The chain email, called “They Teach it at Stanford,” is about the connection between relationships and health. It boils down to this: “one of the best things that a man could do for his health is to be married to a woman, whereas for a woman, one of the best things she could do for her health was to nurture her relationships with her girlfriends.”

We know our girlfriends, moms and sisters are important, we know we feel better after exhaustively talking about life over a bottle of wine and now we know why.

“Women connect with each other differently and provide support systems that help each other to deal with stress and difficult life experiences. Physically this “quality girlfriend time” helps us [women] to create more serotonin – a neurotransmitter that helps combat depression and can create a general feeling of well being…We [women] share from our souls with our sisters/mothers, and evidently that is very good for our health…Failure to create and maintain quality personal relationships with other humans is as dangerous to our physical health as smoking.”

As for men, right or wrong, women tend to be the givers, the listeners and the comforters in a relationship; we are conditioned that way. Men benefit from the comforting nature of women in a relationship. But women need that sense of support and community as well; they need their sister-friends.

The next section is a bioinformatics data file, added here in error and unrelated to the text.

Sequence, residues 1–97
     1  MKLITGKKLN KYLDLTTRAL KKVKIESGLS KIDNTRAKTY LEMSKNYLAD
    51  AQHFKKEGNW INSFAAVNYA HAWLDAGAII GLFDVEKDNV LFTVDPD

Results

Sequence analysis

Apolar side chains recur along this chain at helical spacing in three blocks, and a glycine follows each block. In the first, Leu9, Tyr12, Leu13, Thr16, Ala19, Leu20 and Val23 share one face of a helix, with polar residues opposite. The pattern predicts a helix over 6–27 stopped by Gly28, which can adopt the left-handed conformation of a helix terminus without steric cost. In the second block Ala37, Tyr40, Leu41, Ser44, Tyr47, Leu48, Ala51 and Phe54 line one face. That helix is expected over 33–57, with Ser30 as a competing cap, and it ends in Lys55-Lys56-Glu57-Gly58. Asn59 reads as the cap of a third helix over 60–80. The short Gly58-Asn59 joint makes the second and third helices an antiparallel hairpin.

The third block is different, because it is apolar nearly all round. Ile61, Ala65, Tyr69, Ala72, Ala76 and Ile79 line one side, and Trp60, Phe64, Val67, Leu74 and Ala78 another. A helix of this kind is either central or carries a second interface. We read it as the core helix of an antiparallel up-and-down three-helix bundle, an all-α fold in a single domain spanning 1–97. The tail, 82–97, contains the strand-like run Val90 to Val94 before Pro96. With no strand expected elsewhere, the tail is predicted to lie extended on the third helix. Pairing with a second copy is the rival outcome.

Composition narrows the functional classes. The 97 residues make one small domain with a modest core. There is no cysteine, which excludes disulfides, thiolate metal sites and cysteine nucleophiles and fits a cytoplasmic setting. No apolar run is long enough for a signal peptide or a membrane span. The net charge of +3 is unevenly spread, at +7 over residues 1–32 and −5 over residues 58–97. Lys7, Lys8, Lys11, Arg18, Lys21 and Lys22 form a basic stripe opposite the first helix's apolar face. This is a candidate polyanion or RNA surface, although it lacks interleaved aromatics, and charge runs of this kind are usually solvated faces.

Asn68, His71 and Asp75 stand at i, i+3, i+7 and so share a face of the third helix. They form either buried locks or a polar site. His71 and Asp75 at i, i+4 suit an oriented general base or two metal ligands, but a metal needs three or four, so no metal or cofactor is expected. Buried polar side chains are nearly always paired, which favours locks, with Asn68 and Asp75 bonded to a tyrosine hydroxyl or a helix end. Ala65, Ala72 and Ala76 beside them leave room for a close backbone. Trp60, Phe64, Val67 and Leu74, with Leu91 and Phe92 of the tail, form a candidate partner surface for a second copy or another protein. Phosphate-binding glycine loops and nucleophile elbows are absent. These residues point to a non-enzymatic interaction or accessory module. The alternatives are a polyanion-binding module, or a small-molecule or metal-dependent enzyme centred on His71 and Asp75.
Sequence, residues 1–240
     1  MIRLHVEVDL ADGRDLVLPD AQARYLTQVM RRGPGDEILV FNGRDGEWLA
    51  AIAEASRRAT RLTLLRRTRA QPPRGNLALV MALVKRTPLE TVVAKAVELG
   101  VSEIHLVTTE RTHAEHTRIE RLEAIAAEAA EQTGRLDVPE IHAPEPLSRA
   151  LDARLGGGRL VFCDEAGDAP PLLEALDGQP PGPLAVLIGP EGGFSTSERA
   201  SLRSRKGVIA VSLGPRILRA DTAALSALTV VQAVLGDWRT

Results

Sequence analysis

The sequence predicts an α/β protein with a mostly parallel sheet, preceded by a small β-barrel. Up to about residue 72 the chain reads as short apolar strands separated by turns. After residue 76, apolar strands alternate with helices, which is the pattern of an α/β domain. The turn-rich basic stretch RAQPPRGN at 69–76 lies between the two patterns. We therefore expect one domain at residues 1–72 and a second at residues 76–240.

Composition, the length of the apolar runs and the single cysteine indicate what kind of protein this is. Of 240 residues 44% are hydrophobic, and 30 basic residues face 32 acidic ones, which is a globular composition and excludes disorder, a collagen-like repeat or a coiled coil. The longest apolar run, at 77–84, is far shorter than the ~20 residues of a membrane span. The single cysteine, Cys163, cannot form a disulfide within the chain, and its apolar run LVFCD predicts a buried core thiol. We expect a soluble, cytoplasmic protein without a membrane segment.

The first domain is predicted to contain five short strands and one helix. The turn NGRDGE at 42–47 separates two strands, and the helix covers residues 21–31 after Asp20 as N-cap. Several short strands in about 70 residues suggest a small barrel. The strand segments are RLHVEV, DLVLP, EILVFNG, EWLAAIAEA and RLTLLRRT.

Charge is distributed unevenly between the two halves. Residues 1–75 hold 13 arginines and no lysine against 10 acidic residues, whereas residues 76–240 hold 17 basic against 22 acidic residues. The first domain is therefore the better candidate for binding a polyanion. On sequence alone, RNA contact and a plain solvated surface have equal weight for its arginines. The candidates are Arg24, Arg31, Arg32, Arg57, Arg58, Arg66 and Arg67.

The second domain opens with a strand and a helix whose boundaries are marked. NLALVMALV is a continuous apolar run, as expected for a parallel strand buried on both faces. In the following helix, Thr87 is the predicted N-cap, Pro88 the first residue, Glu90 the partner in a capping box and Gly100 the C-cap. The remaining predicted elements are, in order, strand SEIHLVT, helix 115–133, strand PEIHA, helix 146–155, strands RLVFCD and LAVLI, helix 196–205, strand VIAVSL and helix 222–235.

I have no idea if this email is really about a lecturer at Stanford or even really if it is total bullshit. But I know that since there have been men, there have been groups of women talking about men, and in the process becoming better, healthier and more well-adjusted women. I know that female friendships are not only a blessing but also a requirement for a stable existence.

I have always been blessed in my life to be surrounded by the most beautiful and supportive women. And over the past year, I have realized that these amazing women are more than just friends, they are even more than sister-friends, they are my community and they are my home.

This International Women’s Day I am choosing not to focus on the continuing struggle of equality for women around the world- there are many fights still to be fought and, honestly, they can be exhausting. Instead today I just want to say thank you to all the women in my life, who have picked up my crying 3 a.m. calls, helped me edit term papers 2 hours before the deadline, laughed with me at Will Ferrell movies, listened to my rants, and who have loved me better than I could love myself. Thank you for being my home.

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RedEye celebrates International Women’s Day by writing about men

RedEye’s back cover today: “Dude looks like a lady.”

It is an article, or really just a collection of photos,  about celebrity men dressing up like women.

Really RedEye? Even on Women’s Day you focus is men. Nice.

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Celebrating International Women’s Day with a new blog and the internationally-famous word Bitch

Two years ago I was in Buenos Aires walking across a rusted out bridge over train tracks when I looked down and saw the words (in beautifully handcrafted spray paint) “Bitch Taste My Cum” plastered on the side of the tracks. I stopped on the bridge and stared at the graffiti. I was shocked by the English word; I ransacked my mind trying to remember just what bitch meant.